Scientific Merit, Rather Than Morals, Guides Use Of Animals In Lab Research

Those who now experiment on living creatures say alternative methods may eventually diminish their reliance on animals Author: RON KAUFMAN, pp. 1, 8 Despite increasing and frequently violent protests by animal rights activists, biomedical researchers throughout the United States say they have no intention of curtailing their use of whole-animal subjects as they deem them necessary. For these researchers--even as the development of such alternatives to animal subjects as cell cultures

Ron Kaufman
Jul 11, 1993


Those who now experiment on living creatures say alternative methods may eventually diminish their reliance on animals
Author: RON KAUFMAN, pp. 1, 8

Despite increasing and frequently violent protests by animal rights activists, biomedical researchers throughout the United States say they have no intention of curtailing their use of whole-animal subjects as they deem them necessary.

For these researchers--even as the development of such alternatives to animal subjects as cell cultures and computer models is on the rise--the issue remains not a matter of morals, but of scientific merit.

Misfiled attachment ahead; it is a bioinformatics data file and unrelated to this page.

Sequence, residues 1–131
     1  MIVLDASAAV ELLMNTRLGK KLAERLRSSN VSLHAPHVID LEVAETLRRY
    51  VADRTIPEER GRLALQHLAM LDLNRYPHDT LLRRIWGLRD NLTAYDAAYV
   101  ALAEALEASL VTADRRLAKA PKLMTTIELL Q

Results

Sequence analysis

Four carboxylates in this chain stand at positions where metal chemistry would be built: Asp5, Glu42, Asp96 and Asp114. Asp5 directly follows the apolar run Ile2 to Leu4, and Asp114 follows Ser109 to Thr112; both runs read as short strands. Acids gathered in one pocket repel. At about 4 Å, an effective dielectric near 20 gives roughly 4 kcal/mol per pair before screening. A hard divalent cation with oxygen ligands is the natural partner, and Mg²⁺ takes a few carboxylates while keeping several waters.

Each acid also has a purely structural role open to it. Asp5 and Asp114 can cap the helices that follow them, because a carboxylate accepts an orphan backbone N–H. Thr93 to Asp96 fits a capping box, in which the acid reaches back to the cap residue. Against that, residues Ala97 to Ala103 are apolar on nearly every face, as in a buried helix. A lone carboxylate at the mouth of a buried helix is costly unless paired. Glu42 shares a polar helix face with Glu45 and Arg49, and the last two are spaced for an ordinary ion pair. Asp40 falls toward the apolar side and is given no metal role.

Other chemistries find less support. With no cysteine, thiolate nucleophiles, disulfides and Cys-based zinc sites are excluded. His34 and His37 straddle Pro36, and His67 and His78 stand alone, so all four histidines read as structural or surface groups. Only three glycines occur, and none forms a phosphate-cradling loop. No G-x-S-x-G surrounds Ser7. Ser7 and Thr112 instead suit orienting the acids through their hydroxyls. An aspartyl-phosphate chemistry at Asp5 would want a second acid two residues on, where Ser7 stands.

Scientists targeted during the recent World Laboratory Animal Liberation Week (Ron Kaufman, The Scientist, May 31, 1993, page 1), for example, vow to continue to use animals in their studies because, they say, it is simply the most scientifically viable method of conducting their investigations.

This is not to say that these researchers constitute a body whose opinions on the subject...

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